The annual House Republican retreat will feature an open session on an immigration rewrite, during which members will be allowed to freely speak about the contentious issue.
The official schedule has yet to be released, but sources involved in planning the yearly getaway told Roll Call that the weekend event will feature a session dedicated solely to immigration policy changes.
The session will focus on the principles of an immigration rewrite that GOP leaders are working to compile, according to sources familiar with the event’s planning. Speaker John A. Boehner of Ohio is expected to release the document to members ahead of or during the retreat, which begins Jan. 29 in Eastern Maryland.
Leadership is hoping to reach some semblance of common ground among the conference, where the views on how to overhaul the nation’s immigration system have been sharply divided and the rhetoric consistently hot.
To that end, the session could be a dangerous proposition. Leadership hosted a similar meeting of the minds in the Capitol last summer and despite a lively discussion, ultimately emerged at a stalemate after failing to round up enough support within the conference to move ahead on legislation.
Proponents of moving bills this year, however, are counting on the impression that members have progressed in their willingness to take up meaningful policy changes, including legislation that could provide legal status to many of the estimated 11 million undocumented immigrants living in the United States.
“Members are in a much different place than they were last year,” said a GOP leadership aide. “It’ll be interesting to see how it unfolds.”
The document outlining the principles is expected to be unspecific, a quality leaders hope will allow it to attract general support from the conference.
Yet GOP members pushing the conference to take up the issue are worried about a backlash against the document from conservatives within and outside Congress. One of those members said the group could “go ballistic” on the document, causing leadership to rethink bringing anything to the House floor.
“I don’t think it necessarily hurts us but I’m not sure it helps us either,” the member said, speaking on background to discuss private deliberations.
Most notably and most controversially, the document is expected to tackle the legal status of undocumented immigrants, an issue GOP leaders have so far avoided addressing outright. Judiciary Chairman Robert W. Goodlatte, R-Va., said in a recent interview on Telemundo that he would support a plan that would allow those immigrants to live and work in the states and travel to their home countries while also paying taxes.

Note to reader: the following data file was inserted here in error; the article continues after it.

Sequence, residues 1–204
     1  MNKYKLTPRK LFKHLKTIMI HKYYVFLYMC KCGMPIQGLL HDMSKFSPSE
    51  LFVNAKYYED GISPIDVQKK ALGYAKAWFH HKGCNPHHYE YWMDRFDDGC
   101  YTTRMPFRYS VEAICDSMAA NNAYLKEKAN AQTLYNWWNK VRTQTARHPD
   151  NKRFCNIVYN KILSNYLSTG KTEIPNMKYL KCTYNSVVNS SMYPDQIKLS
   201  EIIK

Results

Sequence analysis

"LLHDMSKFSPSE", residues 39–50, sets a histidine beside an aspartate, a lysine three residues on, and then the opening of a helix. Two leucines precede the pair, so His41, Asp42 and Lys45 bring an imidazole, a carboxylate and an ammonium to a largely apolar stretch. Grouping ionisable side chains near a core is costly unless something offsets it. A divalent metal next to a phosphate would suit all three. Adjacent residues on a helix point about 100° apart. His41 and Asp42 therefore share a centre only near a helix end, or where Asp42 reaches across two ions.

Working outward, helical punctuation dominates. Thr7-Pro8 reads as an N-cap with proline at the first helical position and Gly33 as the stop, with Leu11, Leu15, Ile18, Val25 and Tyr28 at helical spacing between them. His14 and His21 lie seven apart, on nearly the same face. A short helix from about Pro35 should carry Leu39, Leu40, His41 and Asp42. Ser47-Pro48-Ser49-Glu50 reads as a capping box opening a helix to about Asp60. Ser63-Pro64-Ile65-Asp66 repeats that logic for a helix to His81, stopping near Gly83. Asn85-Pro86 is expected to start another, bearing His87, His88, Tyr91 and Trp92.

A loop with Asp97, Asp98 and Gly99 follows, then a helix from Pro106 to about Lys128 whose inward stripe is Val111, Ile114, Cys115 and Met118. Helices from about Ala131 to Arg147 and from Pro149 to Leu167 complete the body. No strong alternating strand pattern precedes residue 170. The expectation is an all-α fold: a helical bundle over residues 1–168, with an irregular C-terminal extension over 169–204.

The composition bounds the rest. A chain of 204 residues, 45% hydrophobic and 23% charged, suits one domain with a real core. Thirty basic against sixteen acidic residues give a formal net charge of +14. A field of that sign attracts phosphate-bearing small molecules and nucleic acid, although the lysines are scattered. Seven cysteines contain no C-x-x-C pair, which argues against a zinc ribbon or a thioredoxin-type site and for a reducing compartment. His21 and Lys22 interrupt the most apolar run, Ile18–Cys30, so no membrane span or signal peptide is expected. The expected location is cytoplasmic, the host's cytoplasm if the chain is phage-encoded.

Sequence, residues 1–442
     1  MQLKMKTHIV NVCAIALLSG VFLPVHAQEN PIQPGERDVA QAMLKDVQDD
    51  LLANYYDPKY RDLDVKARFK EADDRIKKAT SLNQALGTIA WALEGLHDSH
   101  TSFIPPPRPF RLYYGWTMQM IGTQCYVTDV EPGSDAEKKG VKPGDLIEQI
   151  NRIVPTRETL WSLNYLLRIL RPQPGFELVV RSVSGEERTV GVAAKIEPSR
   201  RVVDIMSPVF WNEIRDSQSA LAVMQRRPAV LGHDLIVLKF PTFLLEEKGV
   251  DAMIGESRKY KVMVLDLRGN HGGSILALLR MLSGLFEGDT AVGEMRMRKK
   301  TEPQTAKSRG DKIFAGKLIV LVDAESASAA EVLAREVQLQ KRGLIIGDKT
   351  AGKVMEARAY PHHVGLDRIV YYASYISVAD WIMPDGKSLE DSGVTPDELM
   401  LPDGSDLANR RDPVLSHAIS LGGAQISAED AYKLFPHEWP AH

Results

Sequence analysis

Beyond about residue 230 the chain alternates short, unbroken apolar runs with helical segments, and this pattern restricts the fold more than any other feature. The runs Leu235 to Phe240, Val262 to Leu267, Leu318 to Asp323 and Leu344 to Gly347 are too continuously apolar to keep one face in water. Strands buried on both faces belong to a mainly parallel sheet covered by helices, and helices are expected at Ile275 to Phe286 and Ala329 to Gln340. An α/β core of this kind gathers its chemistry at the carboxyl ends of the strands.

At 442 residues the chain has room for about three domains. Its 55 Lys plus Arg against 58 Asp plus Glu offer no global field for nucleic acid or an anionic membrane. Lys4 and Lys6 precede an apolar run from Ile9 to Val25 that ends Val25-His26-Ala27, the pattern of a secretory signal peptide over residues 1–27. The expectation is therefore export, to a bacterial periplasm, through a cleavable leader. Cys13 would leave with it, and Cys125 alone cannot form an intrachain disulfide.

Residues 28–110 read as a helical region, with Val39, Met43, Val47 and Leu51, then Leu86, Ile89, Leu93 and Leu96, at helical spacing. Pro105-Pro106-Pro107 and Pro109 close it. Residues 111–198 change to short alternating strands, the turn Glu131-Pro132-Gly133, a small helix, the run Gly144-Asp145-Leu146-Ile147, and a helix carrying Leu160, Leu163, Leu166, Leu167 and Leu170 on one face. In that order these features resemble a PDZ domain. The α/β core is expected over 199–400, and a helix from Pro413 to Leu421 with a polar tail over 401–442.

Source close to the discussions said the best chance of legalizing those immigrants' status is a proposal that would allow them stay in the country if they submit to background checks and pay back taxes. They would then be able to apply for citizenship using current channels available to immigrants.
Rep. Jeff Denham, R-Calif., a proponent of a policy overhaul, said some in the conference would be receptive to such a plan. “You can’t strengthen our border without talking about internal security and the undocumenteds that are here today,” he said.
Still, it is clear that others, such as Rep. Steve King, R-Iowa, see any attempt to provide legal status to immigrants as a nonstarter.
Compounding the trouble is that 2014 is an election year, and Republicans are worried that stepping too far out on immigration could attract primary challenges. Leadership will have to navigate whether those political considerations outweigh the criticism they would get by not acting at all.
Overall, the outline is not expected to include any surprises: Border enforcement will likely get the top billing and a proposal to legalize the children of immigrants, touted by Majority Leader Eric Cantor’s, R-Va., will likely be included. The plan is also expected to address high-skilled and low-skilled workers and potential changes to the nation’s visa system.